Prior to contacting Mundell, another environmental consultant had already completed subsurface investigation activities on two adjacent industrial sites in Southern Georgia. However, after a subsequent review of the documentation of activities actually performed at the Site, the client determined there existed a lack of detailed information concerning well construction and hydro-geologic conditions. Mundell was contacted to address these data deficiencies. Specifically, it was requested that Mundell provide: 1) well construction details for some of the existing monitoring wells 2) geologic information about select monitoring wells using borehole geophysical logging; 3) horizontal and vertical survey data for each monitoring well; and 4) hydraulic conductivity of select wells using slug and bail testing.
To obtain information regarding the well construction, Mundell used a downhole camera equipped with both down-view and rotating side-view color cameras with integrated light sources. The video inspection of the wells was used to determine the type of materials used, the positions of the riser pipe and screen, the overall condition and integrity of the well casing, and if any foreign materials were present. To estimate the geologic conditions of the site, natural gamma and electromagnetic conductivity logs collected to provide information on the annular fill materials, as well as the materials outside the annular space. An example of these logs, as well as the well construction results determined from the downhole camera, can be seen above.
The horizontal positions of all the existing site monitoring wells were obtained with sub-meter accuracy using a backpack GPS unit with differential correction. The top of casing (TOC) elevations of the wells were determined using two instruments. Where many wells were grouped closely, a laser level and the corresponding detector mounted to a standard level rod were used. This system has a combined leveling accuracy of ± 0.010 feet at a distance of 100 feet. For wells spaced further away from each other, an optical autolevel was used with a standard leveling rod. This instrument has a maximum leveling accuracy of ± 0.007 feet at 3,000 feet. Hydraulic conductivity testing was performed using 1.5-inch outside diameter, 7-foot long, sand filled, PVC slug, and an in-situ pressure transducer attached to a handheld field computer. A total of 15 key wells selected for their geographic positions across the site, were used to determine an average hydraulic conductivity for the site aquifer.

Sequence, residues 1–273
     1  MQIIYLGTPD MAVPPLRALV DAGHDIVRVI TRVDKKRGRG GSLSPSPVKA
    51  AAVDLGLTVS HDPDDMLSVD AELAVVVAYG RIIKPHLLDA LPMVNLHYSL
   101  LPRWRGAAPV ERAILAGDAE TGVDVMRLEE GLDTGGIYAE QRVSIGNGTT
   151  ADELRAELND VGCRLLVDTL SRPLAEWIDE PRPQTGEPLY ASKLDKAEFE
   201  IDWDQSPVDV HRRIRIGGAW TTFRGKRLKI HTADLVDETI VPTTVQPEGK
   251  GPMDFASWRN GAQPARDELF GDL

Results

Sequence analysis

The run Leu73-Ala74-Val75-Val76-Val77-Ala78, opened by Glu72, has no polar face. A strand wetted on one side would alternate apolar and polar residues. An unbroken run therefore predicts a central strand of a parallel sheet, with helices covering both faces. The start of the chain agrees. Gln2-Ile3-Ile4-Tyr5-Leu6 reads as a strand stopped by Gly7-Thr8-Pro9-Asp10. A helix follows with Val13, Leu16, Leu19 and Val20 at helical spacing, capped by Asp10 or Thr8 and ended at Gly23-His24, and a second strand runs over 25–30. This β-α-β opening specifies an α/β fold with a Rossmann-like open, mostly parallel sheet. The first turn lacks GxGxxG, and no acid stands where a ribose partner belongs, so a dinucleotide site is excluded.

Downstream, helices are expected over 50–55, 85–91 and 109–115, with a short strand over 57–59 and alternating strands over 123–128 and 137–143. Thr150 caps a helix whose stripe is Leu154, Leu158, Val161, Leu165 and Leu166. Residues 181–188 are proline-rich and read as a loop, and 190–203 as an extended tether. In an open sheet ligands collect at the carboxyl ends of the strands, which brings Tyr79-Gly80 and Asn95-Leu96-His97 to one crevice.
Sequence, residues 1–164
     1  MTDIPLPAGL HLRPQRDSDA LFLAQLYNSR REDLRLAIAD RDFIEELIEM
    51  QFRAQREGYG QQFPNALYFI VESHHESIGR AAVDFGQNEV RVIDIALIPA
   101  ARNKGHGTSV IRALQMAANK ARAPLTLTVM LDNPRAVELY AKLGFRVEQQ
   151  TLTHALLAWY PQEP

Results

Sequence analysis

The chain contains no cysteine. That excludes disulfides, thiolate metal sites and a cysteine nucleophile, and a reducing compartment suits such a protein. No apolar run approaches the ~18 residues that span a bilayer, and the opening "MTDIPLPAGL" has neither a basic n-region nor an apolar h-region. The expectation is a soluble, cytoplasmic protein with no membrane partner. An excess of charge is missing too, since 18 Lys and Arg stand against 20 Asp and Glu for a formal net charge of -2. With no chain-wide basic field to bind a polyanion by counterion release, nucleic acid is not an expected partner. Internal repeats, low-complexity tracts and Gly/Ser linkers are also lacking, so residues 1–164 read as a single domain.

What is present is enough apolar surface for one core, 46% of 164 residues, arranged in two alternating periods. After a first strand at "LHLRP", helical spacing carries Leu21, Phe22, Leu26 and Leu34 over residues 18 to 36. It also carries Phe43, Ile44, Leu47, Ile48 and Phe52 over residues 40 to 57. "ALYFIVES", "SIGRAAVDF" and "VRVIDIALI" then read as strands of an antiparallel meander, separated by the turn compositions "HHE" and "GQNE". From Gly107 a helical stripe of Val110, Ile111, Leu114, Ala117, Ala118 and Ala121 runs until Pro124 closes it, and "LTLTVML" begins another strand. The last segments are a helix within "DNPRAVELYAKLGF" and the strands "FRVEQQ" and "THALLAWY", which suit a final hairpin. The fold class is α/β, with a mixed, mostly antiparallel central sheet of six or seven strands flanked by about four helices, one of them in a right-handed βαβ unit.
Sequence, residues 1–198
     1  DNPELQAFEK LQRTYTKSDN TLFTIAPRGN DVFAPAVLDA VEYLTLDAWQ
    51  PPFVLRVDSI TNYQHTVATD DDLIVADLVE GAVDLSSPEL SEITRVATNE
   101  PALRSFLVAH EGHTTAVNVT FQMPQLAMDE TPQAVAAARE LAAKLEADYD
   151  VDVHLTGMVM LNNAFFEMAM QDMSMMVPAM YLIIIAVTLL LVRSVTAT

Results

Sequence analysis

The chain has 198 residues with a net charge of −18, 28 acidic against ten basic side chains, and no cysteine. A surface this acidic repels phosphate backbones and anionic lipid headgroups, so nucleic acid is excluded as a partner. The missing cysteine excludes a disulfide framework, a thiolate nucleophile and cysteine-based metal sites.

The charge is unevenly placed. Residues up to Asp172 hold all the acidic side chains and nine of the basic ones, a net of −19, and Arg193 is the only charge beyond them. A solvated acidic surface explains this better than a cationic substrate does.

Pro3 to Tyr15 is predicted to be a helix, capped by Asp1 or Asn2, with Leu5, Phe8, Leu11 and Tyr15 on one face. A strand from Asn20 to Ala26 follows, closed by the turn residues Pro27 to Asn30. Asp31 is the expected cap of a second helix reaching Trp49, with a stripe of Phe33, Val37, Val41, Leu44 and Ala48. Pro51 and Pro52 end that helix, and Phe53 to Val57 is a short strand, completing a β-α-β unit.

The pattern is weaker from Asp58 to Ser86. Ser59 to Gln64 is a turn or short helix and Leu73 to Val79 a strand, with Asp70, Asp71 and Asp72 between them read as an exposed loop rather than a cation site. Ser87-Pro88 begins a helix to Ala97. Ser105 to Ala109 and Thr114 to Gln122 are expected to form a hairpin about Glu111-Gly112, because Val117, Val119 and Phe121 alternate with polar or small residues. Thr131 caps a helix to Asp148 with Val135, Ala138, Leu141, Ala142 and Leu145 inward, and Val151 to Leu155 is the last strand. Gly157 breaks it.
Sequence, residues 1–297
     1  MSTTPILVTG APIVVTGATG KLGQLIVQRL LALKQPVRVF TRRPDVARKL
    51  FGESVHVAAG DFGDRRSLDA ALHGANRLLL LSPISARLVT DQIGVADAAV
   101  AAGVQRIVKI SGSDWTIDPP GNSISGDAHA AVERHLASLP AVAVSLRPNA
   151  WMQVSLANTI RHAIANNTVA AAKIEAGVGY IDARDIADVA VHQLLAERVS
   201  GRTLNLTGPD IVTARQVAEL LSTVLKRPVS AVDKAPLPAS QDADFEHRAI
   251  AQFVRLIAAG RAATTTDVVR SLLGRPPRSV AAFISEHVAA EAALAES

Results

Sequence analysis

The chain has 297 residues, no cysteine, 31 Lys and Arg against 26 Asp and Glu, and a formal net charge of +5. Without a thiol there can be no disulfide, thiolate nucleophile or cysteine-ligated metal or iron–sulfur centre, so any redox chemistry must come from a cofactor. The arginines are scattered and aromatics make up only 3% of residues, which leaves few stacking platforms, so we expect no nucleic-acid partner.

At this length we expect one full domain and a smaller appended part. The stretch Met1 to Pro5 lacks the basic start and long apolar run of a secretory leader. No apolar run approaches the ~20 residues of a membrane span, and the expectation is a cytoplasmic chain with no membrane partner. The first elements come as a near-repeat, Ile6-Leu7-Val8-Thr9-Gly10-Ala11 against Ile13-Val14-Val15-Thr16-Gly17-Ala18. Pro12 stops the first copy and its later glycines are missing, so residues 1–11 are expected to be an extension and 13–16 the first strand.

Upon completion of the survey, it became apparent that not only was information lacking from the previous report, but information regarding the construction of certain wells was incorrect. Actual well depths varied by as much as 20 feet in approximately half of the wells. Also, the client had been told that all of the wells on site had been constructed of standard two-inch schedule 40 PVC. However, video inspection of the wells revealed that three (3) of them were constructed with a two-inch diameter stainless steel riser and a wire-wrapped screen (see figures below). The other downhole geophysical tools not only provided vital information regarding the grain size and sorting of the overburden materials, but also gave extra insight into placement and thickness of the sand pack and seals of each well. Finally, the single well aquifer testing revealed that the aquifer is relatively uniform across the sight, with average hydraulic conductivities of most of the wells ranging from 1 to 4 ft/day.